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Vote Now for Portland’s Chef of the Year

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Which chef really made their mark in 2018?

H. Armstrong Roberts/ClassicStock

Eater Awards voting is in full swing, which means diners are choosing the best new chefs, restaurants, and more in cities across the world, from London to Montreal. There’s a reader’s choice award and an editor’s choice award in each category, and we need you to help with the former. Yesterday, eaters voted for the Restaurant of the Year in the 24 eater cities; today, it’s all about Chef of the Year.

Chefs of the Year helm the burners at restaurants that opened or went through significant revamps within the last year — that includes restaurants that opened after voting ended last year, the same way restaurants that open after voting ends this year will be in the running in 2019. Chefs of the Year are not just talented; they have brought a new culinary story to Portland, added a new layer to how Portland eats and talks about food. Now, a little about our contestants:

Sara Hauman, Arden: A San Francisco transplant, Sara Hauman entered Portland during its grand wave of wine bar openings and captivated the Pearl with her manipulation of smoke, from an olive amuse bouche to a rose of red trout crudo.

Karl Holl, Park Avenue Fine Wines: In a time when farm-to-table is becoming a cliche, Karl Holl’s menu at this wine shop sorta-pop-up often involves produce farmed by his brother and business partner, Alex, turned into dishes that are just as intricate as they are homey — hello, 100-layer lasagna.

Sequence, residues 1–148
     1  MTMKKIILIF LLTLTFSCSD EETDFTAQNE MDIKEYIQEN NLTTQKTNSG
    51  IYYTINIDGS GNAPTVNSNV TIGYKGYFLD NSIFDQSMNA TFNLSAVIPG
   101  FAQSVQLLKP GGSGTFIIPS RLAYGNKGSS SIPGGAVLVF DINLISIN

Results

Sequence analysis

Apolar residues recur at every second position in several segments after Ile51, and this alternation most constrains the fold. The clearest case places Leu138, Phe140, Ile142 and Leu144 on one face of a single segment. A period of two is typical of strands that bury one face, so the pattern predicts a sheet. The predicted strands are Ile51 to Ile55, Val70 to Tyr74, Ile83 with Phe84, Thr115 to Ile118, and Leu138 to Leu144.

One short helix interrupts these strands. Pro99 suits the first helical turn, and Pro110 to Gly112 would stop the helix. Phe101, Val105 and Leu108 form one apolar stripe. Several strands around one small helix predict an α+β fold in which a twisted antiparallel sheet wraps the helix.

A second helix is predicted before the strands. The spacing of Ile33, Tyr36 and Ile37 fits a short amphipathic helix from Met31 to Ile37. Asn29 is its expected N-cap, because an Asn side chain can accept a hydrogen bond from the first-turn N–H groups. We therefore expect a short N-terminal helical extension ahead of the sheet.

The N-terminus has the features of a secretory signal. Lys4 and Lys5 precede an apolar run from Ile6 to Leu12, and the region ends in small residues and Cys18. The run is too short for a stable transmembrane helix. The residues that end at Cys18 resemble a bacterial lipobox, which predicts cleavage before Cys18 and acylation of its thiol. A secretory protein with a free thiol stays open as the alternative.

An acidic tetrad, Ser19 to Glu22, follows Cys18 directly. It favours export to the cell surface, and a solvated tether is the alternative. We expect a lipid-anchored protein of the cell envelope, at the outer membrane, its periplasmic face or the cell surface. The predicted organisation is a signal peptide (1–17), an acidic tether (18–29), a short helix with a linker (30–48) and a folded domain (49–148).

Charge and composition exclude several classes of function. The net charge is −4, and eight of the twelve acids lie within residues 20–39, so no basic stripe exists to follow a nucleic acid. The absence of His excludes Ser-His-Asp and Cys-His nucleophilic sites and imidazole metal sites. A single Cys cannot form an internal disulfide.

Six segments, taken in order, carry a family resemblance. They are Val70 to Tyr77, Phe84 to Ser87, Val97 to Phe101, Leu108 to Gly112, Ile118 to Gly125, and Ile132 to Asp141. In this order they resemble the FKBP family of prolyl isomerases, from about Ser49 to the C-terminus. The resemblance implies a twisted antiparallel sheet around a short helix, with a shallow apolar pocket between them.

Deepak Kaul, Bhuna: Going from pop-up to restaurant in a single year, Kaul went from high-end kitchens in Massachusetts and San Francisco to open a casual, counter-service Kashmiri restaurant, digging into his personal roots and mother’s recipes to bring regional Indian cuisine to Northwest Portland.

Gabriel Rucker, Canard: Most Portland diners are probably familiar with Gabriel Rucker, the mind behind special occasion restaurant Le Pigeon and its sister Little Bird, but his latest, Canard, brings something far more playful to his cabal of restaurants — giving the same impeccable technique to White-Castle-style steam burgers.

Althea Grey Potter, Oui Wine Bar: Yet another wine bar chef, Potter’s New England background shines through in rowdy combinations of flavor, taking things like delicata squash and revving them up with za’atar granola, harissa, and olives. It’s like Fannie Farmer went on a backpacking trip around the world.

Choose your favorite below — the poll will be open for 24 hours, so vote now:

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